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GPs increasingly say CQC inspection does not benefit patient care

The percentage of GPs who think the CQC inspection regime provides any benefit to the quality of care they provide to patients has fallen by 15% to according to the regulator’s annual provider survey.

The report shows 57% of 333 GP respondents ‘believe the way CQC inspects and regulates is very, fairly, or slightly beneficial to the quality of care received by people’, down from 66% in the last survey.

Increasingly practices think inspection provides no improvement to care quality, with 43% saying inspection was not beneficial compared with 33% in the last survey.

A CQC spokesperson said: ‘It’s positive that the majority of GPs felt that the inspection process was beneficial to patient care.’

 

Readers' comments (9)

  • Dear All,
    Its not just GPs, its patients as well. Our PPG ex chair described their report as "misleading" and of "no benefit for patients".

    Oh and what do we think of a regulator dong its own feedback?

    A principled honest and open regulator would commission an independent assessment wouldn't they?

    Regards
    Paul C

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  • Stevens Stormtroopers. Unfortunately this acronym had worrying precedent so they morphed into CQC, even though in a certain light Darling Steven could pass for Herman Goering.

    How does spending 3 months of my limited non-clinical time checking the hep b status of our bin men and laminating our recycling policy possibly help any patients?

    Jobs for the boys.

    And they wonder why everyone is leaving.

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  • 33 years full time GP, plus almost as many on the LMC, so I am not a tick box nazi, but I do find my work for the CQC fascinating to see how different Practices tackle the human condidition.We find many examples of excellent work but we also encounter working practices that are unsafe. Ultimately our objective is to protect patients. In my experience, the overwhelming majority of Practices have appreciated this external review.

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  • 20 years as a GP and I started helping with these visits just over a year ago. It was indeed fascinating to see how different practices looked after their staff and patients but at the end of the day the process was too flawed for me to continue this work. The lead inspectors are too interested in minutiae and do not accept or recognise when there are dangerous clinical issues eg blood results being looked at by the nurse ( who was on holiday) and results left from the previous month with Hb of 9. When I pointed this out as being unsafe I was told I am being too harsh! On other occasions practices issuing warfarin with no idea what the INRs are. These things are swept under the carpet .... These are the things that affect patient care and not the dates on paper curtains and protocols that are never read.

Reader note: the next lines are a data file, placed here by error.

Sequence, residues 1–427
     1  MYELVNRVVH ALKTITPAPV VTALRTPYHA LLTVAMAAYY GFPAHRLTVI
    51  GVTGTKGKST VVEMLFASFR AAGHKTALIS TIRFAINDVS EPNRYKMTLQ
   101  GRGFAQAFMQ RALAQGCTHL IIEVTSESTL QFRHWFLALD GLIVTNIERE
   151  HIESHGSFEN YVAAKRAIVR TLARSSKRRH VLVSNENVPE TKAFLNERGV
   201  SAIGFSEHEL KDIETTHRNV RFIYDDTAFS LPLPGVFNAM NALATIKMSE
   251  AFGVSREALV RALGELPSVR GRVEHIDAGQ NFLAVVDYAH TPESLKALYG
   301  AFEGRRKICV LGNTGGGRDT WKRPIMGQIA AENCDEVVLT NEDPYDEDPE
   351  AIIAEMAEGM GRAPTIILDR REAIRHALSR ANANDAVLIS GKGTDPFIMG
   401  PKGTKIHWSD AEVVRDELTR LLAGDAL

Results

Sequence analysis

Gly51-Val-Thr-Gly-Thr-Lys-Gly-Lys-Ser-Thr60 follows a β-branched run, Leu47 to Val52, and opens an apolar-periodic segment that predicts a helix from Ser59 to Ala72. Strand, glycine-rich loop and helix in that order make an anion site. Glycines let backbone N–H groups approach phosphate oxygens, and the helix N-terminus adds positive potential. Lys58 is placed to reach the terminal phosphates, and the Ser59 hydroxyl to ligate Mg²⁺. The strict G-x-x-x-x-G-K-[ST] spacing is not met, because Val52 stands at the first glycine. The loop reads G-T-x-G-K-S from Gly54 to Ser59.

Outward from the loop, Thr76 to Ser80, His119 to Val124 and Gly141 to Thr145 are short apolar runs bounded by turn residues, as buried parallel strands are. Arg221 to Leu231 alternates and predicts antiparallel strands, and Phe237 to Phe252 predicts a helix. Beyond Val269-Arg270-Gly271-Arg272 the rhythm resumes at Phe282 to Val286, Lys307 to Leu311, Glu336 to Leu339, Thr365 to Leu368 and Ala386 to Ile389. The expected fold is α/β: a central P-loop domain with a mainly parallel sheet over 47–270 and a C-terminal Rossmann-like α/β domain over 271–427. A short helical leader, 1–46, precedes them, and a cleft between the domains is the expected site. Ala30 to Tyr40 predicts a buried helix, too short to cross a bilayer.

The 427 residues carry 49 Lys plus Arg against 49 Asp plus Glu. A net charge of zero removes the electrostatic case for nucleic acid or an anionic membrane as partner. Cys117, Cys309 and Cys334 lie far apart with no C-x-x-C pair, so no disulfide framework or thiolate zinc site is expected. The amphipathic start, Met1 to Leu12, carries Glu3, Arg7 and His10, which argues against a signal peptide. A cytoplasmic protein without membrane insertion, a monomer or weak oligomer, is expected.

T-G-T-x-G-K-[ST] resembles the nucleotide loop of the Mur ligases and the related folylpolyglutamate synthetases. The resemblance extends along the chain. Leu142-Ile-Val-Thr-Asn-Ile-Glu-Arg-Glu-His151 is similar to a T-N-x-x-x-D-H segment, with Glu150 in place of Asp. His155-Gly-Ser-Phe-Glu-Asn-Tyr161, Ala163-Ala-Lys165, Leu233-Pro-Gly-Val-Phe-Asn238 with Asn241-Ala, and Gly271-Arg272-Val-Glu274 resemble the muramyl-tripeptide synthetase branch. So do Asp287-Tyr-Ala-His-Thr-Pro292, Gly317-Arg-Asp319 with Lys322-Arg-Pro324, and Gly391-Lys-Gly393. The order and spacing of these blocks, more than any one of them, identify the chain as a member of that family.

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  • I quite enjoyed our recent inspection, and certainly the thigthening up of policies prior to that has felt useful. Felt like a good teambuilding exercise! Quality and reasonableness of the inspection-team is important ofcourse and might vary....

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  • |Anonymous | Sessional/Locum GP|26 Feb 2016 10:49am
    How sad your experience with CQC did not work out. Hopefully you will see they have moved on a bit with the inspection process.

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  • CQC inspections are variable-which is beyond description.There is never any appreciation of good and hard works done by the practice.It is inspection to demoralise you and give extreme grief to practice-do they ever realise how difficult it is find a good staff and after training to retain them-so much emphasis is on policies,procedures etc.When nine out of ten hospitals are struggling to find nurses-GP SURGERIES staff will walk out and go to work for ASDA rather taking these nonsense any more and GP's will be sitting alone in their room!

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  • CQC is a truly terrible organisation which does nothing whatever for the vast majority of practices which are well led and provide good patient care. I guess if there are some poor practices, then CQC will root them out, and we should all be grateful.
    However, our own experience of inspection (having bees assessed as "good" across the board despite having numerous "above average" assessments within the report) is that it is a very variable feast with inconsistent results, subjective judgements and sound bite reports.
    The cost of running this underwhelming organisation is an extortionate and unwelcome burden to General Practice and we should make a stand and refuse to pay.

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  • My experience as a cqc assessor has found a variety of practices, mostly doing a good job, some excellent and others unsafe. My experience of the lead inspectors is that they try to ignore minutiae unless there are multiple problems. If it is a breach of regulation there is no choice about reporting. I have never found inspectors brushing unsafe practice under the carpet.I have done a revisit to a practice who had required improvement and done a fantastic, if tough job,of sorting things out. They had been unawareof significant problems with their practide manager. Is it worth the investment? Not for me to judge but there is some good work going on out there

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